14 Industrial relations metaphor…. I’ve spent a lot of my life involved in studying trade unions and the management of staff in universities and elsewhere, and there are parallel concepts of employee engagement and there are objects of trade union activism. It strikes me that all these things are about partnership and cooperation and working together. You can’t do it on your own. Students can’t be engaged on their own. They have to have someone willingly engaging with them. (Senior Leader) (Heckscher’s work: 14

15 Success factors 1… Bringing student representatives onto all kinds of university structures, including those concerned with changes to systems, structures or processes (such as building project boards) in material ways – such as equal numbers of staff and students on programme committees. GOAT (go out and talk) & GOAL (go out and listen) - speaking informally, and often, to leaders and representatives of other sectors (students, senior managers, staff leaders, etc), to gauge their feelings and views, and developing strong personal relationships based on mutual respect Actively involving the university in students’ union activities Ensuring that the student representative system is really representative of all constituencies within the student body, including “invisible” groups such as part-time students, student parents or students from elsewhere Active student involvement in the selection of senior managers with a high level of personal commitment to student engagement – and then holding them accountable to this commitment 15

16 Success factors 2…. Reviewing procedures to ensure that these don’t themselves give rise to problems or complaints, and lightening the bureaucratic load “Closing the feedback loop” – ensuring that everybody sees the results and can celebrate the “wins” of engagement For managers and staff, wanting to see things from students’ perspectives, and being genuinely committed to ensuring students have a positive experience at university Shifting the official policies to reflect a genuine prioritisation of partnership and community, and the prioritisation of student engagement, and ensuring consistent messages from senior management Not being A Manager – working against a “managerial” image to connect in a way that is meaningful to students / staff Replacing a culture of compliance with a culture of permission, tolerating “mess” and uncertainty Dogged persistence until the mindset and the culture change, so that collaborative approaches become automatic and can be self-sustaining “Finding the right people” 16

17 Getting there: bridge metaphor 17...allows specifics of starting place, for the environment, the climate, the terrain. “Journeys” are seldom simply unproblematic linear progressions from one point to another. Metaphor also permits the possibility of retreat back along one’s path, or for facilitating the passage of those who follow.

18 Need to think about The three dimensions of student engagement….. Where are we now on each of these and what do we want to change (and how)? 18

19 Bridge design.... Salience (how important engagement initiatives are in relation to the many others coming at staff and students) Congruence (how they fit in, or don’t, with current practices) Profitability (how far current sets of interests and priorities are met, and how these can be altered) 19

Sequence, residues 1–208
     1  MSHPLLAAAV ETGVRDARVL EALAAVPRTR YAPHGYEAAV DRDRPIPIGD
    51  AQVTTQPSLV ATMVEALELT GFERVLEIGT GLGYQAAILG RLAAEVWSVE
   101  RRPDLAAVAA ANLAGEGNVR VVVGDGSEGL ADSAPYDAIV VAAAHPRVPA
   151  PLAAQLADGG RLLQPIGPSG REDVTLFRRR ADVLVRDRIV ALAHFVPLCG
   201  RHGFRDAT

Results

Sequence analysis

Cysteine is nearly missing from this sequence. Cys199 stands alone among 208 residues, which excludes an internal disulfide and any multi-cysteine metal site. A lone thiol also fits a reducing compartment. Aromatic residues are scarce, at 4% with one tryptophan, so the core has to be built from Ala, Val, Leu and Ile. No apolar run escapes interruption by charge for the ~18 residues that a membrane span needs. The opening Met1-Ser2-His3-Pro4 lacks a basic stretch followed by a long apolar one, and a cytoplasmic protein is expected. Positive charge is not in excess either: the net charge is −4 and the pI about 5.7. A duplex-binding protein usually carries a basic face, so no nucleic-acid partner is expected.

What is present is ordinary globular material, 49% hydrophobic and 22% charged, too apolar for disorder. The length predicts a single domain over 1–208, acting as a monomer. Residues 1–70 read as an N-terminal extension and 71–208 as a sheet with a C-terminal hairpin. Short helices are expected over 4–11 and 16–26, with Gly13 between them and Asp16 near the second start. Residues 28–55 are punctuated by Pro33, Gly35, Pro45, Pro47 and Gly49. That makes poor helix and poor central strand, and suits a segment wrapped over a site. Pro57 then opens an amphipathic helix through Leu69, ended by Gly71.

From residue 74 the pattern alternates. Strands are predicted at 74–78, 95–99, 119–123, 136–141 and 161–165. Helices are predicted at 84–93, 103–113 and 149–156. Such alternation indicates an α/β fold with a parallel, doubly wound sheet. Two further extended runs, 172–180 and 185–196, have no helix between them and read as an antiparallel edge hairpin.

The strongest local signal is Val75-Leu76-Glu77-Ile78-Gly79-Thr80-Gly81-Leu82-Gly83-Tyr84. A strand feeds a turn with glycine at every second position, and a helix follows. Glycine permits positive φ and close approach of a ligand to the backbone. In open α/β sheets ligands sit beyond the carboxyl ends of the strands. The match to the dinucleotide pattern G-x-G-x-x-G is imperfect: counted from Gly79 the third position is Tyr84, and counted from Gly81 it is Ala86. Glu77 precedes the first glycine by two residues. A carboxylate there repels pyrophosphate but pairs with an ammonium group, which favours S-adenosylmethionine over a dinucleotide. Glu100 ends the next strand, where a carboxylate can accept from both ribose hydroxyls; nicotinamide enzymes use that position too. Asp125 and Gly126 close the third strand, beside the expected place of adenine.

20 Recommendations Student engagement needs to be a thorough-going commitment throughout the university if it is to be sustainable. While pockets of “good practice” are useful for modelling and inspiring, without a genuine commitment from leaders in all sectors and at all levels of the university, student engagement runs the risk of being “the next big thing” shuffled off the agenda once something else comes along. Student engagement has at its root mutual respect. Without trust, a willingness to share power in appropriate ways struggles against inhibition and reluctance. True partnership shares responsibility as well as authority. Community matters. Beyond the partnership, the sense of belonging to something greater than one’s programme, one’s department or one’s university provides investment, involvement and purpose in an outward- facing direction. Students are inspired by staff who are inspired. Student engagement requires engaged staff – of all kinds. 20

21 Reflection… – Salience: how important is this student engagement initiative in your institution compared to other initiatives? – Congruence: Which of the approaches to student engagement do you wish to enhance in your institution? Is it the most congruent with the character of the place in terms of current practices? – Profitability: In what ways would these intended changes benefit the various groups involved: staff; students; managers? Would the benefits be obvious to them? If not, what might persuade them of these benefits? – What change strategies can you adopt that are likely to shift established practices in the desired direction? – Consider the success factors compared with the situation at your institution. What needs to be addressed? 21

22 Resources Our HEA reports.... idence_base_for_student_engagement Our LFHE Reports… Sakai Engagement site: https://sakai.lancs.ac.uk (login with username: and password: welcome) NUS Engagement toolkit: engagement/toolkit/ NSSE and AUSSE…….. DEEP Project guides: Paul Hamlyn Project Report: Building Student Engagement for Retention and Success Paul Hamlyn Project Report: Building Student Engagement for Retention and Success 22

23 Our Leadership for Engagement Toolkit 23